Pumpkin got up, out of the dog crate, and tried to talk him down. Thankfully, Pumpkin had a human assistant, which is an important reminder that it does take a village to raise children. It’s just too hard to raise children without some kind of support system.
When that little boy was back safe and sound with his mama, he sang the sweetest songs to her. “I’ll never leave you again, mama,” he seemed to say. Of course, he did because that’s what they do.
Watching the way chicken mamas raised their babies helped me deeply understand the importance of my role as mother/teacher. It’s a mad world out there, and I can see that there is much to teach, probably more than I can even imagine, though I do try. So I try to teach about everything, and this requires being honest with my kids. I was not honest enough with my oldest when she was young, and I think that was a mistake. I think teaching requires some honesty, though honesty can be really, really hard. I surely don’t have all of the answers either.
But one of the most important lessons I learned was learning how to let go. After a mama hen has worked and worked to teach everything she can, when her babies grow up, she’s done. It’s such a hard job for her. She’s so exhausted, her comb is a little shriveled, and he has lost many of her feathers. The whole motherhood thing is so hard on her body that she molts. It’s time for her to take care of herself some, to heal from all of that work. It’s time for her to let her babies go, let them be grown ups.
It’s really hard. The mamas feel torn about it. The babies will sometimes cry for her, and when they cry, it sometimes confuses the mama hen. She’ll go back and forth between trying to cut the strings and caring for her babies just a little bit longer, but in a few days, she lets go.
As a human mom, I don’t think you ever let go, but I have learned to let go more. Last year, my grown daughter told me she needed some space from me. I had been trying to help her through a difficult situation, but I am sure I was really being bossy. It’s hard when you have the wisdom of age, when you have some answers, but your kiddos are not in a place where they want to hear them.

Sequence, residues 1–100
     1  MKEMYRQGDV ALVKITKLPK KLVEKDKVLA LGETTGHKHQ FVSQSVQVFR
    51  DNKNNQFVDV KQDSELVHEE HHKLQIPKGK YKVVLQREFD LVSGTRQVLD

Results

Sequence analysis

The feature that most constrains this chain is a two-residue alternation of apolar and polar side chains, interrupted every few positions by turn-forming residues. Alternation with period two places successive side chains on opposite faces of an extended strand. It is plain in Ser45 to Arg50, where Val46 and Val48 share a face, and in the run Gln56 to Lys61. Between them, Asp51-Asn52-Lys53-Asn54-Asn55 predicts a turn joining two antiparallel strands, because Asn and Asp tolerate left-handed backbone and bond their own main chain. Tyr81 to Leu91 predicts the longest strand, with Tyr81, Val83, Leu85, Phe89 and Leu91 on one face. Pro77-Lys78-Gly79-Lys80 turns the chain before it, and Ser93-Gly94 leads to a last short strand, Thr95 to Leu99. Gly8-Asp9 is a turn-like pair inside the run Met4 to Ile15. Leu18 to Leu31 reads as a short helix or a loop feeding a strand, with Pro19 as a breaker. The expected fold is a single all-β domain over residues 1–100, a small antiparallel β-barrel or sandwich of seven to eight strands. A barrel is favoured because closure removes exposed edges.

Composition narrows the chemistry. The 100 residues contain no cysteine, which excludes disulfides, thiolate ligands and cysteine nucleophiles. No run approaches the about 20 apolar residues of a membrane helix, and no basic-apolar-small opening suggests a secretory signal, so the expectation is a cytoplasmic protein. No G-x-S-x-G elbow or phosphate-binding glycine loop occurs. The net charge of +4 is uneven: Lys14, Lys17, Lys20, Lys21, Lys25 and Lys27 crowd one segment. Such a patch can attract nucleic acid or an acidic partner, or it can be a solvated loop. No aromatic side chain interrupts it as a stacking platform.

Even though it stung, like a lot, when my daughter told me I needed to step back, I remembered my mama hens, and I remembered that it’s okay to let them grow up.
I also remembered that there will come a time when I am finished losing my feathers, when both of my children are grown, when I have done my best to teach them everything I can. I will be sad. I will be so sad when my babies are all grown up.
But maybe I will also get my feathers back.
3 thoughts on “What Being a Chicken Mama Taught Me About Motherhood”
finally, some mothers need to understand that the sons also need their space and liberties, with their risks and responsability. each son need to decide their own way.
Crystal clear!! brilliant!
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This made me cry, Crystal. I’ve struggled with “stepping back” and giving my grown son more space, at his request. Yes, it stings. A lot, as you say. But now when he calls or suggests time together it’s sweet and unburdened by that icky feeling that I’ve been overbearing. I work to trust that the foundation of love I know is there will carry us through the difficulties and conflicts that come our way.
And BTW it has been so wonderful to witness your commitment to writing every day for 365 days! Congratulations and thank you for that hard work and inspiring example!
Rochelle, this is so good to read, and thank you so much for telling me this. I am seeing some progress and am so hopeful that the foundation of love will carry us through the conflicts, as you say. This is lovely to read. Just thank you!